Climate Change: An Evidence Based Approach

Climate Change: An Evidence Based Approach

In order to deliver on our Net Zero commitment, we must ensure we tackle emissions where they arise and we must deploy our limited resources to achieve the greatest carbon reduction impact.

We are not seeking to reduce all emissions from all sectors but instead to achieve Net Zero, so trade-offs between sectors must be considered where it makes technical and economic sense.

In order to take appropriate actions, we must understand the nature and sources of the climate emissions at city level by using reliable baseline information in order to determine an appropriate scale and type of intervention.

Perfect Data

Whilst data is very important to our climate change planning for mitigation and adaptation, we must not allow the absence of perfect data to prevent us taking action.

With the best intentions and in a quest to design a fully optimised approach for our climate action planning , we may find ourselves continually wanting to pursue better data before making fully informed decisions, without recognising that with constant change and disruptor events in the real world, we may never achieve such a situation.

Instead, we need to determine what data precision is good enough to make informed decisions, while also clearly differentiating between different types of data, and what data has operational value.

Key Performance Indicators

It is entirely possible to achieve emissions impact without any emissions data at all.

For example:

  • If a person wants to reduce her carbon footprint, so she intends to reduce her commercial air travel by 50%. Does she need to know the exact emissions incurred by flying to do this? No – it is sufficient to cut her airline miles travelled in half.
  • If she wants to reach zero emissions from flying, she could simply stop flying, requiring even less data analysis.

The same logic applies to cities using emissions from personal transport as an example, we can either measure the emissions from existing cars, or measure the rate of change by which we replace these cars with more sustainable options.

It is easier to count the number of electric vehicles in the city (relative to the total number of cars) than to measure city-wide emissions from existing fossil-fuelled cars.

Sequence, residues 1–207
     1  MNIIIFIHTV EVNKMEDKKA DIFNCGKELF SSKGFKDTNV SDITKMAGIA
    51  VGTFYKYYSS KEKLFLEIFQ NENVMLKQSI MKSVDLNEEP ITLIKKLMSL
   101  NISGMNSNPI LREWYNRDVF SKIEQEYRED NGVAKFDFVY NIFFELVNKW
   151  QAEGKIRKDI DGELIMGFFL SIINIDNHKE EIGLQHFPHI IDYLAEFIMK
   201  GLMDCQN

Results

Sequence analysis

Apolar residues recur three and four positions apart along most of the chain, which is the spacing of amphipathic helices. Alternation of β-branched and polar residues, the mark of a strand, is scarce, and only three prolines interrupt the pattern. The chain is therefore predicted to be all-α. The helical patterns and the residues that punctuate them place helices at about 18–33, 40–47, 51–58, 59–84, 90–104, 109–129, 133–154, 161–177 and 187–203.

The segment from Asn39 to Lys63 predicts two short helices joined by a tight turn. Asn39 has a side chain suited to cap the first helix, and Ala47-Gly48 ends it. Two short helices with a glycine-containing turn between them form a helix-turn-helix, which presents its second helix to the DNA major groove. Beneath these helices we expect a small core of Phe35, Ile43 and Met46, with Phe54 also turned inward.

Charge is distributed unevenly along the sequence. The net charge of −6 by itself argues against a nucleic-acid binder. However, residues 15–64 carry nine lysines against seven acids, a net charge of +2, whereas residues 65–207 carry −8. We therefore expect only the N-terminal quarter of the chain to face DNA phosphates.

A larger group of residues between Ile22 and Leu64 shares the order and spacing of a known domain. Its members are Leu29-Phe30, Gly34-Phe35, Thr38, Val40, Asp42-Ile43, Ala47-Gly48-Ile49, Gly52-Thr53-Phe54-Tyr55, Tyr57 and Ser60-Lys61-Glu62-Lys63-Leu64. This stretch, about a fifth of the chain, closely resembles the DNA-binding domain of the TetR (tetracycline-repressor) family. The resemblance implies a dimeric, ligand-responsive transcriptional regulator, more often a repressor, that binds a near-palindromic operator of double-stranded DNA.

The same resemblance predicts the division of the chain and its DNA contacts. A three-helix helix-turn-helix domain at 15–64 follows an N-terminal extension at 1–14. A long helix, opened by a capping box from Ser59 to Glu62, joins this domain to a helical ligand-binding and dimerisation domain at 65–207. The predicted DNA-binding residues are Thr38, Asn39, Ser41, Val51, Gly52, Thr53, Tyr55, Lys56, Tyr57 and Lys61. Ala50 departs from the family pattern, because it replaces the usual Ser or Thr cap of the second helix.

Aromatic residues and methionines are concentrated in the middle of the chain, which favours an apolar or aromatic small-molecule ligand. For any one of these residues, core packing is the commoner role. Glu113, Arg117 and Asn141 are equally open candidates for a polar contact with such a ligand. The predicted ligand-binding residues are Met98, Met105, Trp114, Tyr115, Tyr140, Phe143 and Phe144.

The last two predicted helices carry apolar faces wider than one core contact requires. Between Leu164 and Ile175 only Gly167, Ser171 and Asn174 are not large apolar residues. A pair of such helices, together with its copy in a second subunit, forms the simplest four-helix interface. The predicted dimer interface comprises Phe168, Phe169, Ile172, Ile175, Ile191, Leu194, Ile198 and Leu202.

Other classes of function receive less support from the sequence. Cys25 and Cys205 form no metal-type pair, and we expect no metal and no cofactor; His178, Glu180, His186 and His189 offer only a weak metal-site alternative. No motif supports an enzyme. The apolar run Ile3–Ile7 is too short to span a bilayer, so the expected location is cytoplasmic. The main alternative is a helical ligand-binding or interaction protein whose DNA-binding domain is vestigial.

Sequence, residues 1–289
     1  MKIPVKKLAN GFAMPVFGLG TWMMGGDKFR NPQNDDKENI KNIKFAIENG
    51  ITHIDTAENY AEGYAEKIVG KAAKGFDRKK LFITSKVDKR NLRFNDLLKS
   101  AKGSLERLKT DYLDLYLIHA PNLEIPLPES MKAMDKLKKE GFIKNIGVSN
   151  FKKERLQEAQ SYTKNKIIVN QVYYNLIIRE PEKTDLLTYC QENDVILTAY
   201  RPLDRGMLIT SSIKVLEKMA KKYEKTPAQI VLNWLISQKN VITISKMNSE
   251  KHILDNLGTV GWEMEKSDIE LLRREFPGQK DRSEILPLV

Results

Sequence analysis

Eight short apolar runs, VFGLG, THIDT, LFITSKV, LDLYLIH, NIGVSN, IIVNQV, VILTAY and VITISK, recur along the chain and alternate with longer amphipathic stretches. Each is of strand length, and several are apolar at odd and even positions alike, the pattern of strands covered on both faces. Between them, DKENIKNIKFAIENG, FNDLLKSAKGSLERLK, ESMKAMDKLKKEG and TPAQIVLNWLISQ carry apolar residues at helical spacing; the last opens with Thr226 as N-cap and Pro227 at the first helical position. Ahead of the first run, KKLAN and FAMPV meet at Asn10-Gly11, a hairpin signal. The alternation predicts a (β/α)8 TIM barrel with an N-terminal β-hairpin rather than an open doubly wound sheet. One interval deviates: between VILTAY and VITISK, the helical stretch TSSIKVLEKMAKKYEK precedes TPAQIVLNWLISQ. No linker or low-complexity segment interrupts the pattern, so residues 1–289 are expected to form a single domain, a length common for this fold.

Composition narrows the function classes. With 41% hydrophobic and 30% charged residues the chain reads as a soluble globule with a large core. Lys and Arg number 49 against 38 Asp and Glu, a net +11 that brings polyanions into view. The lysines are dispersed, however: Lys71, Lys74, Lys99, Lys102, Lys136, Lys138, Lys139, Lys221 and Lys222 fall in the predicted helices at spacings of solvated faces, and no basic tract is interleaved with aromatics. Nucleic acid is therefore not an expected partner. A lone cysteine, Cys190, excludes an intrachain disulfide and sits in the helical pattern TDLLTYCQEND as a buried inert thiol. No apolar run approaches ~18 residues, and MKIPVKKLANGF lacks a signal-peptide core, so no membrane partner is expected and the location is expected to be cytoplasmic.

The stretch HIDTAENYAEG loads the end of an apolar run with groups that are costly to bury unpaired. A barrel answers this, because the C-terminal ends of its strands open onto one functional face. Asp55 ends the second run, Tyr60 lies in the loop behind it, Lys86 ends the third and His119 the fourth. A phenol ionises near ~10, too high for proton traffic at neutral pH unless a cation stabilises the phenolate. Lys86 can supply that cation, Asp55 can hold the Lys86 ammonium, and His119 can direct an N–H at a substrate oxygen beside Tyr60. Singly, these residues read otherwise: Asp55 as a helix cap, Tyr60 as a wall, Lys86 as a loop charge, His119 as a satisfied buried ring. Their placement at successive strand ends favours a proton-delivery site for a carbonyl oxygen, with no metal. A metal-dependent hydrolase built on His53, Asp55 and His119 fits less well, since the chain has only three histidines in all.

The growing share of electric cars is a relative change - illustrating that emissions data should not be the primary focus when monitoring the rate of change.

We can develop specific and measurable Key Performance Indicators to tell us how we are performing in meeting our Net Zero commitment within the city.

Local Metrics of Performance

To allow pre- and post-intervention monitoring and determine the effectiveness of specific actions that we take, we intend to use a range of local metrics of performance including:

  • Urban Observatory real time monitored air quality, environmental and urban data
  • National datasets that can be calibrated at city-wide level (within the local authority boundary)
  • Transport data including cordon counts, patronage data from public transport operators, etc
  • Census data - due to be carried out in 2021
  • Energy efficiency and low carbon / renewable heating installation databases and Microgeneration Certification Scheme (MCS) data derived at city-wide level
  • Maintained records of project / programme uptake
  • Waste collection, processing, recycling and landfill volume data
  • Among other local data sources

We recognise that this is an area which will require further development over the coming years to create Key Performance Indicators and a monitoring framework.

In some cases, the local structures and datasets are in place (such as the Urban Observatory), but in some cases we will need to work with city partners to seek access to existing but currently inaccessible datasets and establish new monitoring programmes.

National and Local Interaction

We must also take into account changes at a regional and national level and the impact that they will have on our local actions.

For example, the carbon intensity of the national grid is constantly evolving with a strong focus on decarbonisation (further information here) and the impact that this will have on our approach to heating homes and deploying low carbon transport infrastructure is fundamental to how we achieve our Net Zero commitment.